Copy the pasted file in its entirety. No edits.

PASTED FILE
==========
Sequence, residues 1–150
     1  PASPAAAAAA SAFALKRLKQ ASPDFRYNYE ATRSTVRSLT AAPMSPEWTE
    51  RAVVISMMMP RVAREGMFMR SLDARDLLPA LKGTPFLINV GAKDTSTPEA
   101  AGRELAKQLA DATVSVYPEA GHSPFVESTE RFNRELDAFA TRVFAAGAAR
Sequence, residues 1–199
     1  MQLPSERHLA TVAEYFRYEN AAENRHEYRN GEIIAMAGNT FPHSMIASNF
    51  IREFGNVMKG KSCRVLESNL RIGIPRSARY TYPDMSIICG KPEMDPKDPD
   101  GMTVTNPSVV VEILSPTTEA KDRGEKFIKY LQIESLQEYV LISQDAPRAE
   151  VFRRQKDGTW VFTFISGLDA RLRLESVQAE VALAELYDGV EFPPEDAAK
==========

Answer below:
Sequence, residues 1–150
     1  PASPAAAAAA SAFALKRLKQ ASPDFRYNYE ATRSTVRSLT AAPMSPEWTE
    51  RAVVISMMMP RVAREGMFMR SLDARDLLPA LKGTPFLINV GAKDTSTPEA
   101  AGRELAKQLA DATVSVYPEA GHSPFVESTE RFNRELDAFA TRVFAAGAAR
Sequence, residues 1–199
     1  MQLPSERHLA TVAEYFRYEN AAENRHEYRN GEIIAMAGNT FPHSMIASNF
    51  IREFGNVMKG KSCRVLESNL RIGIPRSARY TYPDMSIICG KPEMDPKDPD
   101  GMTVTNPSVV VEILSPTTEA KDRGEKFIKY LQIESLQEYV LISQDAPRAE
   151  VFRRQKDGTW VFTFISGLDA RLRLESVQAE VALAELYDGV EFPPEDAAK